The technological frontier at Tyndall: the 3-minute catch-up

A slide I recently presented at a Tyndall Centre PhD Network event attempting to summarise three years’ work in a super short amount of time. I discussed three perspectives on my PhD project, focussing on empirical aspects for a very broad audience. Here’s the outline:

  • First, context counts. 1,000 MW of installed wind capacity on Irish hills are not equivalent to 1,000 MW in Germany.
  • Second, picked with the Tyndall audience in mind was the observation that uncertainty in the UK energy policy landscape has created not insignificant risk, uncertainty and opportunity in the Irish renewables sector over the past 20 years.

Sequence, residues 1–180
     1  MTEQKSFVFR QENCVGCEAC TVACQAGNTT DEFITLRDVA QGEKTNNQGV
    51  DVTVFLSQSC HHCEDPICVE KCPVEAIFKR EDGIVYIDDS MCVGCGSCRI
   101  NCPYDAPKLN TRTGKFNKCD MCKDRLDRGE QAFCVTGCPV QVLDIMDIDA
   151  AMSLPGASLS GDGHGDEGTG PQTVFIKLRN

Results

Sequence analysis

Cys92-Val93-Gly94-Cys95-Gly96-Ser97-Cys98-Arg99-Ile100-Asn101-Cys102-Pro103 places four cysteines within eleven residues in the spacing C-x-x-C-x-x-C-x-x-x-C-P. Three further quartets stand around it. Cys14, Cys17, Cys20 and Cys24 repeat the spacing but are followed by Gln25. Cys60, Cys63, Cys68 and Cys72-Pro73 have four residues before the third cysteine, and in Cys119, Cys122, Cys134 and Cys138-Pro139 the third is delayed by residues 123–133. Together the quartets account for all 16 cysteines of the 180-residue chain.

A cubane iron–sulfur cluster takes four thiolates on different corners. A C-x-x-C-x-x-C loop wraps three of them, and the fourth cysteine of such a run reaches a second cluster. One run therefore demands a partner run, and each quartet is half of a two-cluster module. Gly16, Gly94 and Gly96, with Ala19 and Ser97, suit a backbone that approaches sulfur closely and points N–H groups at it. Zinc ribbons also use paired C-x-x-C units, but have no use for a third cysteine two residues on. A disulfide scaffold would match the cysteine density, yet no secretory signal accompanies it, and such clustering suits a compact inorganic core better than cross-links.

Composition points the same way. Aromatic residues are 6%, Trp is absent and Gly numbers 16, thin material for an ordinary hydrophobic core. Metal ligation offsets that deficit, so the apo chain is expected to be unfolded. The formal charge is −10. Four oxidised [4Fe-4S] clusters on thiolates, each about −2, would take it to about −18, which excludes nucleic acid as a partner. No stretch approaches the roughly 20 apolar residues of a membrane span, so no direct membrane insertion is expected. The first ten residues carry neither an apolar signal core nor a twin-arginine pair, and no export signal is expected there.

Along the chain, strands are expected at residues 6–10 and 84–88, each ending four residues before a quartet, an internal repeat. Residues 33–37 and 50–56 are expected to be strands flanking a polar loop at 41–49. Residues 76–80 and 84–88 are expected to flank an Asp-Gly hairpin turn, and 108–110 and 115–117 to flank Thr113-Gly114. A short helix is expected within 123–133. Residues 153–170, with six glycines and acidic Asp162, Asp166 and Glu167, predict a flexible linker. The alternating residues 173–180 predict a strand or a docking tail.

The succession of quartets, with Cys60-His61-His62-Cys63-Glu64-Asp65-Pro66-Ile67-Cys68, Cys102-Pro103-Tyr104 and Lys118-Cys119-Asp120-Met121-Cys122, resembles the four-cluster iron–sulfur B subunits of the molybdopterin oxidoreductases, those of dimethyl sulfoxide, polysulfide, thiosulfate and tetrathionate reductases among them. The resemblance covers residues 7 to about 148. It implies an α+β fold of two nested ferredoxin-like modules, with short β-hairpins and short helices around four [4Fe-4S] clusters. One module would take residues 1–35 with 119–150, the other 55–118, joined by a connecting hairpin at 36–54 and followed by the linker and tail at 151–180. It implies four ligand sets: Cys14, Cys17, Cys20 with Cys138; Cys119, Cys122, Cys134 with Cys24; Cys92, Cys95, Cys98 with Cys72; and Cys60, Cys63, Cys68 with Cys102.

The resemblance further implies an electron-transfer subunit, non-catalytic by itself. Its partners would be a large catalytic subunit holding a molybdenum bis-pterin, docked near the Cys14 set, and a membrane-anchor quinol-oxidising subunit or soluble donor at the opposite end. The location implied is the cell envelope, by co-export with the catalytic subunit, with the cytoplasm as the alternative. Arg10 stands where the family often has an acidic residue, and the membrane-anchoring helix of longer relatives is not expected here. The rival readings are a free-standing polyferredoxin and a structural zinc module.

• Third, more theoretically, a brief discussion on the global antecedents and constraints on local agency in a technological innovation system. In plain English, what was the ability of locals to create and shape a local wind industry? And conversely, how did aspects of the global innovation system influence the speed and direction of the nascent Irish wind sector. In short, local agency has been bounded by global constraints such as dominant players, knowledge and policy. Institutions and rules from one country, such as Germany have been translated and transformed by the European Union, and then “planted” in new locations. But the agency and technological momentum of local entrepreneurs and developers have proved powerful factors in creating a local industry, which contributes to a global knowledge pool.